Test bank accounting management 11e chapter 08 FLEXIBLE BUDGETS, VARIANCES,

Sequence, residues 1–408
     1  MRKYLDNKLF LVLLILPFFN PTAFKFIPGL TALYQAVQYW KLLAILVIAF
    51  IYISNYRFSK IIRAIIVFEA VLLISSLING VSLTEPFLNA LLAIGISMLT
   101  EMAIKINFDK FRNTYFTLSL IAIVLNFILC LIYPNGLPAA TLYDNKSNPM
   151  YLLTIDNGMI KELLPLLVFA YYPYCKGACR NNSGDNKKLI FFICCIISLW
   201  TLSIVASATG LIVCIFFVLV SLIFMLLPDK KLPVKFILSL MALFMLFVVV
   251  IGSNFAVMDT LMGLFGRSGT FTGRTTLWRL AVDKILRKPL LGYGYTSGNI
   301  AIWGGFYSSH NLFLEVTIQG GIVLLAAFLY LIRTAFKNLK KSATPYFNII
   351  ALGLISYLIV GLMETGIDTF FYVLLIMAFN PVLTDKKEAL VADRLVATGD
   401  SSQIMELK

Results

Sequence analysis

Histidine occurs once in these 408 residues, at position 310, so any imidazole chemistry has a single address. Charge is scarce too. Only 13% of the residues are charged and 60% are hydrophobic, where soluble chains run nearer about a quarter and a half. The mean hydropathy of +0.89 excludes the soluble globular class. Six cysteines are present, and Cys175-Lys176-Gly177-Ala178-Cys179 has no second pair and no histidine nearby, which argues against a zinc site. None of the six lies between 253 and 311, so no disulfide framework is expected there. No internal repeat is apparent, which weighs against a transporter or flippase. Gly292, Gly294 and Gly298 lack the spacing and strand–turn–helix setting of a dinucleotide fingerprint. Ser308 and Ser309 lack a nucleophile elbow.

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CHAPTER FLEXIBLE BUDGETS, VARIANCES, AND MANAGEMENT CONTROL: II LEARNING OBJECTIVES Explain in what ways the planning of variable overhead costs and fixed overhead costs are similar and in what ways they differ Identify the features of a standard-costing system Compute the variable overhead efficiency variance and the variable overhead spending variance Explain how the efficiency variance for a variable indirect-cost item differs from the efficiency variance for a direct-cost item Compute the budgeted fixed overhead cost rate Explain two concerns when interpreting the production-volume variance as a measure of the economic cost of unused capacity Show how the 4-variance analysis approach reconciles the actual overhead incurred with the overhead amounts allocated during the period Illustrate how the flexible-budget variance approach can be used in activity-based costing CHAPTER OVERVIEW Chapter extends the budgeting process to the indirect manufacturing costs, both variable and fixed The planning for these costs focuses on undertaking only essential activities and then being efficient in that undertaking with emphasis on satisfying customers The control aspect of the budgeting process is described and illustrated through the use of standard costing and variance analysis Variance analysis for indirect costs demands careful interpretation of the variances primarily because of the manner in which the costs are assigned to the cost object Indirect costs are allocated on the basis of a cost driver or cost-allocation base In calculating the efficiency variance for variable overhead costs one is actually calculating the difference in the use of the cost-allocation base not the use of the overhead items For direct variable costs, a price variance could be calculated but not for indirect variable costs The difference in price from actual to budgeted is a part of the difference in quantity of variable overhead items used and is labeled as a spending variance to incorporate both differences Fixed overhead variances add another dimension to variance analysis because of the use of a costallocation base: behavior of the cost in relation to changes in level of activity Fixed costs are budgeted as a total cost or lump sum However, when fixed costs are used in a standard costing system and allocated on a per unit basis, they take on the “look” of a variable cost The resulting production-volume variance, calculated as a difference between a lump sum amount and an allocation of a per unit cost, must be carefully examined for meaning CHAPTER OUTLINE I Budgeting indirect manufacturing cost categories [Refer to Chapter for emphasis on direct manufacturing cost categories] A Overhead costs as big part of costs of many companies Flexible-budget/variance-analysis approach helps managers plan and control overhead costs Careful interpretation of overhead variances developed primarily for financial reporting purposes Learning Objective 1: Explain in what ways the planning of variable overhead costs and fixed overhead costs are similar and in what ways they differ B Planning of variable and fixed overhead costs Similarities of variable and fixed overhead costs a Undertake only essential activities that add value for customers b Be efficient/cost effective in that undertaking Differences between variable and fixed overhead costs a Variable-cost planning: ongoing decisions during budget period play larger role b Fixed-cost planning: most decisions must occur before start of period Do multiple choice Assignments start with L.O Learning Objective 2: Identify the features of a standard-costing system II Standard costing A Features of costing a cost object output Traces direct costs to output produced by multiplying the standard prices (SP) or rates by the standard quantities of inputs allowed (SQ) for actual outputs produced (flexible budget) Allocates indirect costs on the basis of the standard indirect rates (SP) times the standard quantities of the allocation bases (SQ) allowed for actual output produced (flexible budget) B Features of the recording system Costs of every product or service planned to be worked on during period can be computed at the start of that period 102 Chapter Individual records need not be kept of actual costs of items used or of the actual quantity of the cost-allocation based used on individual products or services worked on during the period Costs of operating standard-costing system can be low relative to the costs of operating an actual or normal costing system Do multiple choice Assignments start with L.O Learning Objective 3: Compute the variable overhead efficiency variance and the variable overhead spending variance C Development of budgeted variable overhead cost-allocation rates in standard costing system Four-step approach for variable overhead cost-allocation rates a Step 1: Choose the time period used to compute the budget b Step 2: Select the cost-allocation bases to use in allocating variable overhead costs to output produced c Step 3: Identify the variable overhead costs associated with each cost-allocation base d Step 4: Compute the rate per unit of each cost-allocation base used to allocate variable overhead costs to outputs produced—budgeted rate per output unit Budgeted variable overhead cost rate per output unit a Used in static budget (planning) b Used in performance evaluation and reports (controlling) D Computation of variable manufacturing overhead cost variances [Exhibits 8-1 and 8-7] Overall variance: Variable overhead flexible-budget variance: difference between actual variable overhead costs and flexible-budget variable overhead costs Subdivisions of variable overhead flexible-budget variance a Variable overhead efficiency variance: evaluates the difference actual quantity of the cost-allocation base used relative to the budgeted quantity (what should have been used) of the cost-allocation base [(AQ – SQ) X SP] TEACHING TIP: A comparison can be made of costing systems (actual, normal, and standard) by the calculation of the variable indirect manufacturing costs Exercise 4-23 and problem 4-33 illustrate normal costing with the use of the calculated budgeted manufacturing overhead cost per unit of cost-allocation base (BP) multiplied by the actual quantity of the cost-allocation base (AQ) in computing the allocation of manufacturing overhead Standard costing introduces the quantity of the cost-allocation base that should have been used (SQ) to produce the actual output, a feature of the flexible budget Actual costing would use an actual rate and actual quantity used without the capability of variance calculations The flexible-budget variance used in standard costing is the same as underallocated or overallocated overhead used in normal costing for variable indirect manufacturing costs Students can be asked how exercise 4-23/problem 4-33 would differ in the calculation of underallocated or overallocated overhead (flexible-budget variance) if the company used a standard-costing system rather than normal costing Flexible Budgets, Variances, and Management Control: II 103 Learning Objective 4: Explain how the efficiency variance for a variable indirect-cost item differs from the efficiency variance for a direct-cost item i Efficiency variance for direct cost measures whether more or less of direct cost item is used than was budgeted for actual output achieved ii Efficiency variance for indirect variable cost evaluates relative use of actual quantity to budgeted quantity of cost-allocation base (efficiency with which cost-allocation base is used) b Variable overhead spending variance: evaluates the actual cost per unit of the costallocation base relative to the budgeted cost per unit of the cost-allocation base [(AP – SP) X AQ] i Includes differences between actual prices of individual inputs and budgeted prices of those inputs ii Includes differences in percentage change in actual quantity usage of individual items in variable overhead-cost pool from percentage change in quantity usage of costallocation base used for the individual items Do multiple choice and Assign Exercises 8-16 and 8-18 Learning Objective 5: Compute a budgeted fixed overhead rate E Development of budgeted fixed overhead cost allocation rates for use in standard costing system [Exhibits 8-2, 8-6, and 8-7] By definition fixed overhead costs are a lump sum of costs that remain unchanged in total for a given period despite wide changes in the level of total activity or volume related to those overhead costs—same total amount in flexible budgets within relevant range To develop a standard rate per output unit for fixed costs: four-step approach a Step 1: Choose the time period to be used for the budget b Step 2: Select the cost-allocation base to use in allocating fixed overhead costs to output produced—the denominator level c Step 3: Identify the fixed overhead costs associated with each cost-allocation base d Step 4: Compute the rate per unit of each cost-allocation base used to allocate fixed overhead costs to output produced F Computation of fixed manufacturing overhead cost variances [Exhibits 8-2, 8-6, and 8-7] Fixed overhead flexible-budget variance (same as fixed overhead spending variance because no efficiency variance for fixed costs as a given lump sum unaffected by how efficiently cost-allocation base is used to produce output in given budget period) 104 Chapter Production-volume variance (denominator variance and output-level variance) a Exists because fixed costs allocated on a units-of-output basis (“unitized”) for inventory costing and some types of contracts but budgeted as a lump sum b Arises whenever the actual level of denominator differs from level used to calculate the budgeted fixed overhead rate Learning Objective 6: Explain two concerns when interpreting the production-volume variance as a measure of the economic cost of unused capacity c Needs careful interpretation, especially when using as a measure of the economic cost of unused capacity [Concepts in Action] i One caution—management may have maintained some extra capacity to meet uncertain demand surges that are important to satisfy ii Other caution—the production-volume variance focuses only on fixed overhead costs and does not take into account any decreases in price of output necessary to spur extra demand that might make use of any idle capacity d Always explore why of a variance before concluding that label of unfavorable or favorable necessarily indicates poor or good management performance Do multiple choice 5, 6, and Assign Exercises 8-17 and 8-19 and Problem 8-36 Learning Objective 7: Show how the 4-variance analysis approach reconciles the actual overhead incurred with the overhead amounts allocated during the period G Presentation of integrated analysis of overhead cost variances: 4-variance analysis [Exhibit 8-3] Two variable overhead variances (spending and efficiency) and two fixed overhead variances (spending and production-volume) Combinations of variances possible a 3-variance analysis or combined variance analysis uses total manufacturing overhead, combining variable and fixed spending variances as one, and presenting efficiency (variable) and production-volume (fixed)—loses some information but simplifies accounting b 2-variance analysis combines spending and efficiency variances into flexible-budget variance plus production-volume variance c 1-variance analysis combines all overhead variances into a total overhead variance: difference between total actual manufacturing overhead incurred and manufacturing overhead allocated to actual output produced (underallocated or overallocated concept from normal costing) Variances are interrelated Do multiple choice and 8-40 Assign Exercises 8-21, 22, 23, 27, and 28 and Problems 8-39 and Flexible Budgets, Variances, and Management Control: II 105 H Different purposes of manufacturing overhead cost analysis [Surveys of Company Practice] Planning and control purposes [Exhibit 8-4] Assign Problem 8-31 a Variable overhead costs vary in proportion to number of output units produced b Fixed overhead costs remain fixed in total over given range of output units Inventory costing for financial reporting purpose a Variable overhead costs vary in proportion to number of output units produced b Fixed overhead costs allocated on per unit basis an inventoriable cost (unitized) based on level of output units produced and will not necessarily remain fixed in total but change I Journal entries for overhead costs and variances Assign Problems 8-29 and 8-30 III Other considerations of overhead variance analysis A Financial and nonfinancial performance measures: signals to direct managers’ attention to problems B Overhead cost variances in nonmanufacturing and service settings Manufacturing and nonmanufacturing variable cost often used in decisions about pricing and which products to push or de-emphasize Nonmanufacturing fixed costs used when reimbursed on basis of full actual costs plus a percentage of those costs and in capacity planning and utilization decisions as well as management of those costs Assign Exercises 8-24, 8-25, and 8-26 Learning Objective 8: Illustrate how the flexible-budget variance approach can be used in activity-based costing C Activity-based costing and variance analysis Basic principles and concepts for variable and fixed manufacturing overhead costs can be applied to ABC systems Illustration of batch-level variance analysis [Exhibit 8-5] Do multiple choice 10 Assign Problems 8-37 and 8-38 CHAPTER QUIZ SOLUTIONS: 106 Chapter 1.d 2.b 3.a 4.d 5.c 6.a 7.a 8.b 9.d 10.c CHAPTER QUIZ Which of the following pertains primarily to the planning of fixed overhead costs? a b c d A standard rate per output unit is developed Only essential activities are to be undertaken Activities are to be undertaken in most efficient method Key decisions are made at the start of the budget period determining the level of costs A feature of a standard-costing system is that the costs of every product or service planned to be worked on during the period can be computed at the start of that period This feature of standard costing makes it possible to a b c d maintain actual costs as an integral part of the costing system use a simple recording system eliminate routine reports justify eliminating the budgeting process The following data apply to questions 3–9 Sebastian Company, which manufactures electrical switches, uses a standard cost system and carries all inventories at standard The standard manufacturing overhead costs per switch are based on direct labor hours and are shown below: Variable overhead (5 hours @ $12 per direct manufacturing labor hour) Fixed overhead (5 hours @ $15* per direct manufacturing labor hour) Total overhead per switch *Based on capacity of 200,000 direct manufacturing labor hours per month $ 60 75 $135 The following information is available for the month of December: • 46,000 switches were produced although 40,000 switches were scheduled to be produced • 225,000 direct manufacturing labor hours were worked at a total cost of $5,625,000 • Variable manufacturing overhead costs were $2,750,000 • Fixed manufacturing overhead costs were $3,050,000 [CMA Adapted] The variable overhead spending variance for December was a $50,000 U d $60,000 F b $350,000 U c $10,000 F d $60,000 F [CMA Adapted] The fixed manufacturing overhead spending variance for December was a $450,000 F c $10,000 F [CMA Adapted] The variable manufacturing overhead efficiency variance for December was a $50,000 U b $350,000 U b $400,000 F c $50,000 U d $775,000 F The fixed overhead production volume variance for December was a $450,000 F b $400,000 F c $50,000 U d $775,000 F Flexible Budgets, Variances, and Management Control: II 107 What amount should be credited to the allocated manufacturing overhead control account for the month of December? a $6,210,000 c $5,760,000 d $5,700,000 Under the 2-variance method, the flexible budget variance for December was a $10,000 F b $5,800,000 b $40,000 U c $50,000 U d $100,000 U Under the 3-variance method, the spending variance for December was a $10,000 F b $40,000 U c $50,000 U d $100,000 U 10 Which of the following statements is true about overhead cost variance analysis using activity-based costing? a b c d 108 Overhead cost variances are calculated for output-unit level costs only Overhead cost variances are calculated for variable manufacturing overhead costs only A 4-variance analysis can be conducted Activity-based costing uses input measures for all activities resulting in the inability to flexible budgets needed for variance analysis Chapter WRITING/DISCUSSION EXERCISES Explain in what ways the planning of variable overhead costs and fixed overhead costs are similar and in what ways they differ As noted in the text, “Management will have made most of the decisions that determine the level of fixed overhead costs to be incurred at the start of a budget period.” This key strategic decision for the company’s long-range benefit is the choosing of an appropriate level of capacity or investment to meet that level of volume or activity anticipated What are some other types of costs that would need to be determined at the start of the budget period? {Prelude to Chapter 12 and the concept of locked-in costs compared to incurred costs.} The design of a product or a process can cause certain costs to have to be incurred These costs would be incurred regardless of the level of activity or volume because they would be caused by the choice of a particular type of activity rather than its volume level Consider Webb Company and the jackets that they produce used as illustration in Chapters and If Webb has planned to sell jackets with zipper closures rather than cape-style jackets, they have set in motion types of equipment to use in production of their product The type of material used in the jackets or the way that decorations are affixed (sewn or imprinted or tacked on) are other examples of design decisions that would be made at the beginning of the budget period These decisions affect the costs to be incurred but are not costs tied to level of activity or volume (fixed costs) Identify the features of a standard-costing system “No record need be kept of the actual costs of items used or of the actual quantity of the cost-allocation base used on individual products or services worked on during the period.” If no record is kept as to actual costs, won’t the financial statements prepared using standard costing be dishonest about what actually happened during the time period? A key word in the sentence is individual Actual costs and actual quantities are recorded in any system The variances that are calculated between standard and actual are incorporated into the financial statements through proration or other method of adjustment at the end of the period The financial statements then reflect actual costs or approximate actual costs Compute the variable overhead efficiency variance and the variable overhead spending variance The variable manufacturing overhead spending variance incorporates both a difference in price and difference in usage of the overhead items Could a variance be designed to calculate a price variance only? Any variance can be calculated if the actual cost of the item is collected and a budgeted amount for that item is available The cost of preparing budgeted numbers and collecting the actual costs for the various items of overhead might not be cost/beneficial for the organization An accounting system should be designed to provide the information that improves the decisions of managers, keeping in mind that accounting systems have a cost Flexible Budgets, Variances, and Management Control: II 109 Explain how the efficiency variance for a variable indirect-cost item differs from the efficiency variance for a direct-cost item Should the variable overhead efficiency variance be renamed to more accurately reflect its nature of measuring the difference in usage of the cost-allocation base? With the use of activity-based costing, a renaming should be considered to more accurately reflect the use of the particular cost-allocation base or cost driver The “spending variance” is a change from the use of the term “price variance” when considering the differences in price as well as the differences in usage of the variable overhead item(s) Compute a budgeted fixed overhead cost rate What factors should be considered in selecting the denominator level for computing the budgeted fixed overhead rate? Fixed costs are so named because of their behavior in relation to changes in the level of their cost driver(s) A fixed cost remains unchanged in total for a given time period despite wide changes in the related level of total activity or volume and is budgeted as a lump sum or fixed amount A denominator indicates division and an averaging or “unitizing” process for developing a rate Using a fixed overhead rate is artificial in that the fixed cost is treated as if it were a variable cost by changing in total as the level of activity varied The choice of a denominator level should be chosen with care to minimize the interpretation of any variance computed from using the budgeted fixed overhead rate The time period to be used is one consideration Should a typical budget period of twelve months be used or some longer time frame? Capacity issues are another consideration Should the maximum capacity available be used to obtain the lowest rate? Should the standard level of activity of the cost-allocation base for the anticipated sales/production for the budget period be used? Should only those who prepare financial statements for external parties make these calculations? Other considerations could include pricing and performance evaluation issues from use of a “unit cost” rather than a lump sum amount Explain two concerns when interpreting the production-volume variance as a measure of the economic cost of unused capacity Whose responsibility is it to use caution in interpreting the production-volume variance as a measure of the economic cost of unused capacity? Accountants understand how numbers are developed in response to managers’ need for information They are ethically responsible for reporting the numbers in a manner consistent with the appropriate interpretation of those numbers As indicated in earlier chapters of the text the focus is on information and knowledge when considering variances and responsibility The accountants can help managers first focus on whom they should ask to obtain information while the accountants themselves can refrain from making uninformed judgments Refer to the “Standards of Ethical Conduct for Management Accountants” developed by the Institute of Management Accounting, Exhibit 1-7 in Chapter 110 Chapter Show how the 4-variance analysis approach reconciles the actual overhead incurred with the overhead amounts allocated during the period If one were to develop a complete analysis of differences in revenue, costs, and operating income using flexible budgets for the various inputs from the static budget to actual amounts, how would the production-volume variance for fixed manufacturing overhead be depicted? One could progress from actual through the flexible budgets to the static budget going left to right, changing one item at a time to develop a fairly comprehensive analysis of changes and interrelationships Revenues vary with the level of volume, as variable costs, allowing for individual changes in price, quantity (efficiency), and sales volume (similar to Exhibit 7-4 in Chapter 7) Variable manufacturing overhead variances can be added in similar fashion with spending and efficiency variance paralleling the (variable) direct manufacturing costs with consideration of the role of the costallocation base But how fixed manufacturing overhead variances fit? Fixed costs are lump sums for reporting the actual costs, each of the flexible budgets, and the static budget Using the total fixed costs allows for the reporting of the spending variance or flexible-budget variance but not the productionvolume variance The analysis will not flow in a two-dimensional plane from actual amounts through the flexible budgets to the static budget if fixed costs are unitized, especially if the static budget level is not the denominator level Some variation must be made to include the changing of the fixed costs from a total concept to a unit concept for allocation purposes Perhaps a third dimension could be imposed (See Chapter of this manual for an overview of the variances.) Illustrate how the flexible-budget variance approach can be used in activity-based costing Activity-based costing is an approach to refining a costing system and is especially useful in the allocation of indirect costs Explain what is meant by “well-defined output and input measures for an activity” in the development of a 4-variance analysis The text defines and illustrates through Chapters 5, 6, 7, and the activity-based costing approach to refining a costing system An activity-based costing system requires explicit definition of activities and numerous calculations Budgets must then be developed according to the costing system, activity-based If the organization has budgets that align with actual data collection, variances will be meaningful The outputs generated by the inputs can be compared to the standards developed and/or budgets if prepared on a consistent basis If an activity-based costing system is to be used, then it must be used throughout the accounting process from planning to control The increase in the number of calculations and detail makes ABC expensive to implement and maintain but it should provide the manager with improved information for making decisions Over time, the costs of implementation have declined Flexible Budgets, Variances, and Management Control: II 111 SUGGESTED READINGS Beischel, M and Smith, K., “Linking the Shop Floor to the Top Floor,” Management Accounting (October 1991) p.25 [5p] Carman-Stone, M., “Unabsorbed Overhead: What to Do When Contracts Are Canceled,” Management Accounting (April 1987) p.55 [3p] Cornick, M., Cooper, W and Wilson, S., “How Do Companies Analyze Overhead?” Management Accounting (June 1988) p.41 [3p] Crawford, D and Henry, E., “Budgeting and Performance Evaluation at the Berkshire Toy Company,” Issues in Accounting Education (May 2000) p.283 [27p] Datar, S and Gupta, M., “Aggregation, Specification and Measurement Errors in Product Costing,” The Accounting Review (October 1994) p.567 [25p] MacArthur, J and Stranahan, H., “Cost Driver Analysis in Hospitals: A Simultaneous Equations Approach,” Journal of Management Accounting Research (1998) p.279 [34p] Martin, J and Laughlin, E., “A Graphic Approach to Variance Analysis Emphasizes Concepts Rather than Mechanics,” Issues in Accounting Education (Fall 1988) p.351 [14p] Novin, A., “Applying Overhead: How to Find the Right Bases and Rates,” Management Accounting (March 1992) p.40 [4p] Shank, J and Govindarajan, V., “The Perils of Cost Allocation Based on Production Volumes,” Accounting Horizons (December 1988) p.71 [10p] Wang, X H and Yang, B., “Fixed and Sunk Cost Revisited,” Journal of Economic Education (Spring 2001) p.178 [8p] 112 Chapter [...]... Floor,” Management Accounting (October 1991) p.25 [5p] Carman-Stone, M., “Unabsorbed Overhead: What to Do When Contracts Are Canceled,” Management Accounting (April 1987) p.55 [3p] Cornick, M., Cooper, W and Wilson, S., “How Do Companies Analyze Overhead?” Management Accounting (June 1988) p.41 [3p] Crawford, D and Henry, E., “Budgeting and Performance Evaluation at the Berkshire Toy Company,” Issues in Accounting. .. be used, then it must be used throughout the accounting process from planning to control The increase in the number of calculations and detail makes ABC expensive to implement and maintain but it should provide the manager with improved information for making decisions Over time, the costs of implementation have declined Flexible Budgets, Variances, and Management Control: II 111 SUGGESTED READINGS... Measurement Errors in Product Costing,” The Accounting Review (October 1994) p.567 [25p] MacArthur, J and Stranahan, H., “Cost Driver Analysis in Hospitals: A Simultaneous Equations Approach,” Journal of Management Accounting Research (1998) p.279 [34p] Martin, J and Laughlin, E., “A Graphic Approach to Variance Analysis Emphasizes Concepts Rather than Mechanics,” Issues in Accounting Education (Fall 1988) p.351... Overhead: How to Find the Right Bases and Rates,” Management Accounting (March 1992) p.40 [4p] Shank, J and Govindarajan, V., “The Perils of Cost Allocation Based on Production Volumes,” Accounting Horizons (December 1988) p.71 [10p] Wang, X H and Yang, B., “Fixed and Sunk Cost Revisited,” Journal of Economic Education (Spring 2001) p.178 [8p] 112 Chapter 8 ... to Exhibit 7-4 in Chapter 7) Variable manufacturing overhead variances can be added in similar fashion with spending and efficiency variance paralleling the (variable) direct manufacturing costs with consideration of the role of the costallocation base But how do fixed manufacturing overhead variances fit? Fixed costs are lump sums for reporting the actual costs, each of the flexible budgets, and the... of the flexible budgets, and the static budget Using the total fixed costs allows for the reporting of the spending variance or flexible- budget variance but not the productionvolume variance The analysis will not flow in a two-dimensional plane from actual amounts through the flexible budgets to the static budget if fixed costs are unitized, especially if the static budget level is not the denominator... be made to include the changing of the fixed costs from a total concept to a unit concept for allocation purposes Perhaps a third dimension could be imposed (See Chapter 7 of this manual for an overview of the variances.) 8 Illustrate how the flexible- budget variance approach can be used in activity-based costing Activity-based costing is an approach to refining a costing system and is especially useful... were to develop a complete analysis of differences in revenue, costs, and operating income using flexible budgets for the various inputs from the static budget to actual amounts, how would the production-volume variance for fixed manufacturing overhead be depicted? One could progress from actual through the flexible budgets to the static budget going left to right, changing one item at a time to develop... the allocation of indirect costs Explain what is meant by “well-defined output and input measures for an activity” in the development of a 4-variance analysis The text defines and illustrates through Chapters 5, 6, 7, and 8 the activity-based costing approach to refining a costing system An activity-based costing system requires explicit definition of activities and numerous calculations Budgets must